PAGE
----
ICAC itself has not emerged unscathed from the Berejiklian inquiry, with criticism in particular of the extremely long time it has taken to deliver its report. Minns has indicated he is open to reforms of ICAC, and will seek bipartisan support.

Notably, Minns also flagged public figures should not necessarily have to stand down while inquiries into their conduct run. “It shouldn’t happen in an automatic way. People have a right to have an investigation and the final findings submitted to the public and the parliament, before their political life has stopped or ended.”

Some critics believe ICAC’s conclusion on Berejiklian is too harsh. The argument is also being put that it leaves Berejiklian in limbo – condemned as “corrupt” but with no charges recommended. Former NSW treasurer and leading party moderate Matt Kean declared: “So it has taken ICAC two years to tell us that Gladys Berejiklian has not broken the law.”

The counter argument, however, is that conduct can be “corrupt” without actually meeting the standard of illegality, and that such findings by an anti-corruption body act as deterrents and protect the body politic.

By coincidence, the finding on Berejiklian has come just as the new federal National Anti-Corruption Commission, under Paul Brereton (of the Afghanistan war crimes inquiry), comes into operation on Saturday. We know a federal body is overdue; we can’t know what impact the NACC will have over coming years, except that there will be surprises.

Under the NACC’s act, a public official engages in corrupt conduct if they breach public trust, abuse their office, or misuse official information. The act catches a person who is not an official (for example, a contractor to government) who does something adversely affecting an official’s “honest or impartial exercise of powers”. In their detail, these provisions are very broad.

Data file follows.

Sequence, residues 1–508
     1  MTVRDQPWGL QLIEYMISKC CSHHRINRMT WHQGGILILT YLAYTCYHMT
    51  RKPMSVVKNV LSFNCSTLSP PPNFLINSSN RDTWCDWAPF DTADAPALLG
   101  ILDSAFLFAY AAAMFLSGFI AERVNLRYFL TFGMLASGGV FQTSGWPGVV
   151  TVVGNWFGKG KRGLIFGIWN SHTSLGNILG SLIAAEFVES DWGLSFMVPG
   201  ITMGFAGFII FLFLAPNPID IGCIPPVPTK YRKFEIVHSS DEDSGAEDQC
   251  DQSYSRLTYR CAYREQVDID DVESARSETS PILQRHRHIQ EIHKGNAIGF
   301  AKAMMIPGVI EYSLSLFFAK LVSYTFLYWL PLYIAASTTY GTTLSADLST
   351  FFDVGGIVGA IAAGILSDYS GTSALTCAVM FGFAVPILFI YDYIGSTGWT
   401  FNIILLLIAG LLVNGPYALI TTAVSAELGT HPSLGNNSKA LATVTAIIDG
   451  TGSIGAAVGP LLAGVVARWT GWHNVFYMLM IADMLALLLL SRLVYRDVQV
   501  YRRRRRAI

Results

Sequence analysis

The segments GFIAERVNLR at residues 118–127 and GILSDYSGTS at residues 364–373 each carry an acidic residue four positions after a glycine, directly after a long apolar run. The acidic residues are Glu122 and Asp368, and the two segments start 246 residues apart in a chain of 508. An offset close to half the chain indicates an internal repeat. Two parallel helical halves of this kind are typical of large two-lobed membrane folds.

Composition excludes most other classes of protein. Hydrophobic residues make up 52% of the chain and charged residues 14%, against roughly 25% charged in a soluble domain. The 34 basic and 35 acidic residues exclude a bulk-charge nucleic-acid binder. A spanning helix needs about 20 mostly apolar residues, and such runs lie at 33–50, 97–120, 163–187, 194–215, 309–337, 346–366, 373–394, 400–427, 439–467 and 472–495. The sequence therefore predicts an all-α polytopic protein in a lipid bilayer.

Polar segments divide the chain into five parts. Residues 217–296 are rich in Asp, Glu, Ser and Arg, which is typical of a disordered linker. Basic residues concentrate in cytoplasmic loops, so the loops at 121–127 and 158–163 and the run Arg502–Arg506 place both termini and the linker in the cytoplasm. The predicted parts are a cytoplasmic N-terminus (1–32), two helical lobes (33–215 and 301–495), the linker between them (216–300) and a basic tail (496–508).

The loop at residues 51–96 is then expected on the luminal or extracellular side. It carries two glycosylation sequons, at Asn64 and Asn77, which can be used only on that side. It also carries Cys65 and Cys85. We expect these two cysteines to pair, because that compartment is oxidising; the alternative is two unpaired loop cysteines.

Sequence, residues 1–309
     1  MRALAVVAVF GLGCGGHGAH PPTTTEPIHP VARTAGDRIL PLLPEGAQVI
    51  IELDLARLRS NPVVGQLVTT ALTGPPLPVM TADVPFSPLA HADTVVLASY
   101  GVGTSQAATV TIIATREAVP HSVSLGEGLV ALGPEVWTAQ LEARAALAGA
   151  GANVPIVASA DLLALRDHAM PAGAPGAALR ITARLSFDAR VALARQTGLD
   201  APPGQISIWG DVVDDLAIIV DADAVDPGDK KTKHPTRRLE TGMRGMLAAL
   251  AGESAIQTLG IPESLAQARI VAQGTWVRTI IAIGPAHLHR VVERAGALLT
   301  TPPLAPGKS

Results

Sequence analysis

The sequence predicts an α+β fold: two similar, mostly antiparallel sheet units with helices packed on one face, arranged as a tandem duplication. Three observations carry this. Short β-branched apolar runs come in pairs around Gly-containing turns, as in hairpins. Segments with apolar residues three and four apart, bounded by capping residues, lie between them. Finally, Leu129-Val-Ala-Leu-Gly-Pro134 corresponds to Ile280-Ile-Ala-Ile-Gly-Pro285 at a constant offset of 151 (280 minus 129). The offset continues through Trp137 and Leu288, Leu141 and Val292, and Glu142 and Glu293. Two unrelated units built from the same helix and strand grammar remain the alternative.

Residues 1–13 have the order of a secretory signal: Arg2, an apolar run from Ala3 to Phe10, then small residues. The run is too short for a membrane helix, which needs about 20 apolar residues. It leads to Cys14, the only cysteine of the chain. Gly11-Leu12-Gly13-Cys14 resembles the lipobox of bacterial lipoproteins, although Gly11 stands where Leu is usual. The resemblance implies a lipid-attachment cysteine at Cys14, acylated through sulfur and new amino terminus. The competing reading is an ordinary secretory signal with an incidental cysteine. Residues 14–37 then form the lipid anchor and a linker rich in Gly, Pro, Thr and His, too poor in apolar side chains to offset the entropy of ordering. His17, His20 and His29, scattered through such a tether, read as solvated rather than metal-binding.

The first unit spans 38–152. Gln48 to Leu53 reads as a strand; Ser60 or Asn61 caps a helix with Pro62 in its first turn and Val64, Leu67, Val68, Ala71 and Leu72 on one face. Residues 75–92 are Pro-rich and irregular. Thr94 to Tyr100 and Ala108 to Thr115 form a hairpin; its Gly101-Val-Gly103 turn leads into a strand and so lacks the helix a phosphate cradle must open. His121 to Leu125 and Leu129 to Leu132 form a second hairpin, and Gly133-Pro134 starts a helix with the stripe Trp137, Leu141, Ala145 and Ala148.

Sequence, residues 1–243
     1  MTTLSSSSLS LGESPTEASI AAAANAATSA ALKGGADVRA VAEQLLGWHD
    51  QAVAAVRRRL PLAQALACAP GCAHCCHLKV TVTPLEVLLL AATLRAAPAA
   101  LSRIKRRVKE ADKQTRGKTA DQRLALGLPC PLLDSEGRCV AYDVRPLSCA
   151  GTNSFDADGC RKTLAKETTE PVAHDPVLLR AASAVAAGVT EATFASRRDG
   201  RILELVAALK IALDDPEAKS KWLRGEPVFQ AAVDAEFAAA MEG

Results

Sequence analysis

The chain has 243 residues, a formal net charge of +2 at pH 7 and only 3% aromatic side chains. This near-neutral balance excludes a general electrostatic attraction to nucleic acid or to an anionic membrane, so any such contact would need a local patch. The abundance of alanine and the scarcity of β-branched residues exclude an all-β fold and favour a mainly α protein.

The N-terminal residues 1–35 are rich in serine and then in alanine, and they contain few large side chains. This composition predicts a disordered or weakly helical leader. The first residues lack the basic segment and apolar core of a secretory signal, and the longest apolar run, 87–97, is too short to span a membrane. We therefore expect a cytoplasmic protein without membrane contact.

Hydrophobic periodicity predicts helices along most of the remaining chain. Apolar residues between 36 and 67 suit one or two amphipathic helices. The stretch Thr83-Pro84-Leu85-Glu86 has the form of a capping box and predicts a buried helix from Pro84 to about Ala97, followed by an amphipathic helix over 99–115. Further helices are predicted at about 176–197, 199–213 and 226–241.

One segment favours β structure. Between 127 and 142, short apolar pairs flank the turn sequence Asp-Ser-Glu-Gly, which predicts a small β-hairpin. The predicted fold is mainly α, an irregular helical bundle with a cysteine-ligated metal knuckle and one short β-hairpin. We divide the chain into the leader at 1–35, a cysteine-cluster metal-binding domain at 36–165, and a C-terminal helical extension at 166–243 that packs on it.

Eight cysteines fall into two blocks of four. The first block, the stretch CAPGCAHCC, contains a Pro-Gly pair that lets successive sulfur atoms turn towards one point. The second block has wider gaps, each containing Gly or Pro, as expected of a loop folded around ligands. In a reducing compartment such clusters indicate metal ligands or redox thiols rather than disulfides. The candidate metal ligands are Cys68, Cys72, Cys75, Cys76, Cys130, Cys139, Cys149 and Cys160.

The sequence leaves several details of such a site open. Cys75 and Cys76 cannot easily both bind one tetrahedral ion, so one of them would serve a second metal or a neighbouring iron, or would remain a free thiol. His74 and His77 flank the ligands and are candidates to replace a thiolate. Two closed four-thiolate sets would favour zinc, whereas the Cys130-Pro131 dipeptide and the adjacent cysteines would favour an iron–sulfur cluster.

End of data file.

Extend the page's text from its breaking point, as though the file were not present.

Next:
Bearing in mind the experience of ICAC and other anti-corruption bodies, safeguards have been built in by the government. The NACC (which starts with about 180 staff) will have fewer public hearings than ICAC. It will have these only in “exceptional circumstances and where it is in the public interest”. This restriction was strongly contested by those who argued more transparency was desirable.

Even with the safeguards, there are said to be some private concerns within Labor about how the NACC will work out, given how feral federal politics can become.

Aware of the criticism of ICAC, the new federal body will presumably be very cognisant of the need to do its work in a timely fashion.

It won’t be short of suggestions for its early investigations. Possible or likely referrals range from the allegations against Robert to the PwC affair, while former minister Linda Reynolds has said she will refer the government’s compensation payment to Brittany Higgins.

Robodebt has had a royal commission – its report will be out imminently – so there would be little point in the NACC redoing that investigation.

It will be completely up to the NACC what it decides to investigate and, mostly, we won’t know what it is doing until the late stage or end of an inquiry.

While the NACC has strong public support, the experience of ICAC indicates any anti-corruption body will inevitably, over the years, find itself at the centre of intense controversies. With the power to break public figures, the stakes in some investigations will be very high.

The Conversation

Michelle Grattan does not work for, consult, own shares in or receive funding from any company or organisation that would benefit from this article, and has disclosed no relevant affiliations beyond their academic appointment.

ref. Grattan on Friday: ICAC shows it has the power to break public figures, but doesn’t escape criticism itself –